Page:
Science & Technology Book Reviews (page 7)

CALCULATING THE COSMOS by Ian Stewart
SCIENCE & TECHNOLOGY
Released: Oct. 25, 2016

"A word to the wise: this is not cosmology for dummies. Parts of the text are nearly impenetrable, and Stewart's compact style provides few diagrams or even equations. However, he effectively shows that time and technology will evolve ever better calculations of the cosmos."
Stewart (Mathematics/Univ. of Warwick; Professor Stewart's Incredible Numbers, 2015, etc.) tackles the universe in this latest compendium of facts and fancy. Read full book review >
THE ATTENTION MERCHANTS by Tim Wu
BUSINESS & ECONOMICS
Released: Oct. 18, 2016

"Forget subliminal seduction: every day, we are openly bought and sold, as this provocative book shows."
When something online is free, then the product being sold is you. Wu (Columbia Law School; The Master Switch: The Rise and Fall of Information Empires, 2010) elaborates on that sobering note. Read full book review >

ANGELIC MUSIC by Corey Mead
BIOGRAPHY & MEMOIR
Released: Oct. 18, 2016

"Mead keeps the current swift, removing rough rocks that might disrupt our pleasant, engaging trip downstream with him."
The genesis, rise, fall, and rise again of Benjamin Franklin's mid-18th-century rub-the-glasses device, whose enormous popularity led to wild claims about both its salutary and detrimental effects on listeners. Read full book review >
EINSTEIN'S GREATEST MISTAKE by David Bodanis
BIOGRAPHY & MEMOIR
Released: Oct. 18, 2016

"Shorter than the best biographies of Einstein (by Walter Isaacson and Dennis Overbye) but still engaging and with more emphasis on the difficulties the scientist faced when physics moved away from the classical view he never abandoned."
A brief biography of "the greatest mind of the modern age" and his revolutionary ideas. Read full book review >
BEING A DOG by Alexandra Horowitz
NATURE & TRAVEL
Released: Oct. 4, 2016

"Dog owners curious about the lives of their pets will savor this book, but it deserves a wider audience than just animal lovers."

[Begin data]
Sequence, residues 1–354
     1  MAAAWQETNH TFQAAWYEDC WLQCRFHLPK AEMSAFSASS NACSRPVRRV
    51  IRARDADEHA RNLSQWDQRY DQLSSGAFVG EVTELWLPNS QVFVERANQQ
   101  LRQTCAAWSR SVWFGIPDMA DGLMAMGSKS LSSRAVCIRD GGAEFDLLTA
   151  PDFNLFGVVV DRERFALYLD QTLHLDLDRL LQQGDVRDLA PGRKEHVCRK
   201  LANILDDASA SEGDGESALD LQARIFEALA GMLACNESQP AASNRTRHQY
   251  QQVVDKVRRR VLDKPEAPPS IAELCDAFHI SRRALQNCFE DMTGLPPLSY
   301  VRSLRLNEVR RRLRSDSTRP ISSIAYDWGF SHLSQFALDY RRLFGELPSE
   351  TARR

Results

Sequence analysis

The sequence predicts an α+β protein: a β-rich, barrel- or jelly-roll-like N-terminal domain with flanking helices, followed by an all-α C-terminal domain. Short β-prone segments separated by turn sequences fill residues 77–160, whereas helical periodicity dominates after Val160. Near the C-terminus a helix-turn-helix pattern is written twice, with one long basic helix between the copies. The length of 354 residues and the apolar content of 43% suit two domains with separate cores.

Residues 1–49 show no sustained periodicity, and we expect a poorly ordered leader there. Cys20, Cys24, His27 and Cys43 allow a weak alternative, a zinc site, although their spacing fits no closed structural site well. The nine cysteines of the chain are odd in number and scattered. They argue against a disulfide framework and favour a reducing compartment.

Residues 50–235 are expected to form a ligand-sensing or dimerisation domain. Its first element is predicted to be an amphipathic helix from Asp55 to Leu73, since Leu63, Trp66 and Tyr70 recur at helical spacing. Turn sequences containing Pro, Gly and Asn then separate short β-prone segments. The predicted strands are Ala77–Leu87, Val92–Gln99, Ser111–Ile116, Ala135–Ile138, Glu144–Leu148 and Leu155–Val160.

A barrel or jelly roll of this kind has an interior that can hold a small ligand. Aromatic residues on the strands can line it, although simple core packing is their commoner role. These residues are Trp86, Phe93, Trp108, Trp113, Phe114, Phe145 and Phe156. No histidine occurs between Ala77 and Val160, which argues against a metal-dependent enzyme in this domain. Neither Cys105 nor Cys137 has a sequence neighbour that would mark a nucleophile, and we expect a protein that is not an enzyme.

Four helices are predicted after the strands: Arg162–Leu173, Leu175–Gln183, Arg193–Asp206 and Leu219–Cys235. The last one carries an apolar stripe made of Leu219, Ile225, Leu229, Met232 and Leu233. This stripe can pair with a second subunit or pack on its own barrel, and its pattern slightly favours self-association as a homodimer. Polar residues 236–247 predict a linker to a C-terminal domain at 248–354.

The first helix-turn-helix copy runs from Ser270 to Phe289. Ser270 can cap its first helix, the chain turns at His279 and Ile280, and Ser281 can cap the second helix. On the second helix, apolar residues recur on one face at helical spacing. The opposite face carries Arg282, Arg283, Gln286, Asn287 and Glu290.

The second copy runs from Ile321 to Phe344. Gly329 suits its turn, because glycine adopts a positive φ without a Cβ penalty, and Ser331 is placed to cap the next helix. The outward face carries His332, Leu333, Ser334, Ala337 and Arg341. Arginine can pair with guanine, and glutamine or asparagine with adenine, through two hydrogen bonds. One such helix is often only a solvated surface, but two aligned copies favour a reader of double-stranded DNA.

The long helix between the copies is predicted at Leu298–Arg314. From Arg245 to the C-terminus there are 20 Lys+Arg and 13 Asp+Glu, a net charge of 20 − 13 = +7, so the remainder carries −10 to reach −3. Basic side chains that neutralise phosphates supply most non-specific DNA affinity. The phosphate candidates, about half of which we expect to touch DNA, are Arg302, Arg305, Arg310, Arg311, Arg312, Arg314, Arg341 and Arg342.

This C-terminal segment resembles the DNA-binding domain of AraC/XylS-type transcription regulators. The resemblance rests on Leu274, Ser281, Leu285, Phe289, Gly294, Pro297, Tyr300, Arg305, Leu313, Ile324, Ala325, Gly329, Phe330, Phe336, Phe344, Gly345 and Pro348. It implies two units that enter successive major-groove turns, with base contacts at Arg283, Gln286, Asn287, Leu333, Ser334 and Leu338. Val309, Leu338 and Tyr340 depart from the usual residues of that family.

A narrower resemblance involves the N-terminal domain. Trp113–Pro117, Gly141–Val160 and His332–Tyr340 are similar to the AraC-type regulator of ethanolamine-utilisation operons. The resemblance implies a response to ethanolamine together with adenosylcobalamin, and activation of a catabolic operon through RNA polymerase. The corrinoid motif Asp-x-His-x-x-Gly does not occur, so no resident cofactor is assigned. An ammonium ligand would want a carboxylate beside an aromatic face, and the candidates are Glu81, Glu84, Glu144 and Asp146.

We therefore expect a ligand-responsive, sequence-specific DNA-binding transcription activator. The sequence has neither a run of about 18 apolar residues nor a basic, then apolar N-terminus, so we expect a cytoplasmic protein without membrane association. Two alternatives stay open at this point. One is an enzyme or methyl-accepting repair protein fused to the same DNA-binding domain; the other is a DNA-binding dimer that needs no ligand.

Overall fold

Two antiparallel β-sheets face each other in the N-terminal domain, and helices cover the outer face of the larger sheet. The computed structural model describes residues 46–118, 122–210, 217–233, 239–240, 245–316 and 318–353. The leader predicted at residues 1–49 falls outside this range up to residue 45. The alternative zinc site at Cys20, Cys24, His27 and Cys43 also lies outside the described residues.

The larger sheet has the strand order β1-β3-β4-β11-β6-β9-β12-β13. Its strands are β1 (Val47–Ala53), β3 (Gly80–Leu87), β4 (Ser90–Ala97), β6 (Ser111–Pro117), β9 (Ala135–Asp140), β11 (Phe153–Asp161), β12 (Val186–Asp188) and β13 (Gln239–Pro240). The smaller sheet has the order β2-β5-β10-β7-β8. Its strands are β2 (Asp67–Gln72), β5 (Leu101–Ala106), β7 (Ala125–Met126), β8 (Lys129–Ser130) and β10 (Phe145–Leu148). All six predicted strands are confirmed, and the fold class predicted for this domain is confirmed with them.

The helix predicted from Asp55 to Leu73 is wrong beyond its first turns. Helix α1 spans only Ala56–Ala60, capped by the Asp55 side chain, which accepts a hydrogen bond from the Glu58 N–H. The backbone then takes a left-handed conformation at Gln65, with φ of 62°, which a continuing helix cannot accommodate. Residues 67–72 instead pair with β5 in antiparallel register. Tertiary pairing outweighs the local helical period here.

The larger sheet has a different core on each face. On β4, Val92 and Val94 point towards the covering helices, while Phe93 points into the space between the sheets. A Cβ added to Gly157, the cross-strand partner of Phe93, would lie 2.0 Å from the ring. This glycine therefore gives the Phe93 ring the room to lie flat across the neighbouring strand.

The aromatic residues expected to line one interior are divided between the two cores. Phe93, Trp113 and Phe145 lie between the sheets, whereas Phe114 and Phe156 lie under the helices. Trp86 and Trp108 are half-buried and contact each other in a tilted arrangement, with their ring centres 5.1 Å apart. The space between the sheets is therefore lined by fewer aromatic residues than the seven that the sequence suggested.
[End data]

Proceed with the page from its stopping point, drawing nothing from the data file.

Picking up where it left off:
If the olfactory ability of dogs seems like a dull topic, be prepared for a surprise. This engrossing book takes on not just canine noses, but what we can do with our own—with a little experience and a good guide. Read full book review >

PSYCHOLOGY
Released: Oct. 4, 2016

"Of rarefied interest, to be sure, but with much to say about how the brain works at the interface of thought and language."
From Joan of Arc to Brian Wilson, throughout history, people have reported hearing voices in their heads. But where do they come from? Read full book review >
SPACEMAN by Mike Massimino
BIOGRAPHY & MEMOIR
Released: Oct. 4, 2016

"A vivid, engrossing, and enthusiastically written memoir of aeronautic ambition."
A seasoned astronaut charts the trajectory of his love affair with space and astronomy. Read full book review >
PSYCHOLOGY
Released: Oct. 4, 2016

"An entertaining and modestly informative but not entirely successful effort to replicate the fast-moving repartee that enlivens the authors' radio show."
The hosts of the Two Guys on Your Head radio show and podcast, which examines "an array of interesting, head-scratching quandaries about human behavior," seek to replicate their snappy dialogue in print. Read full book review >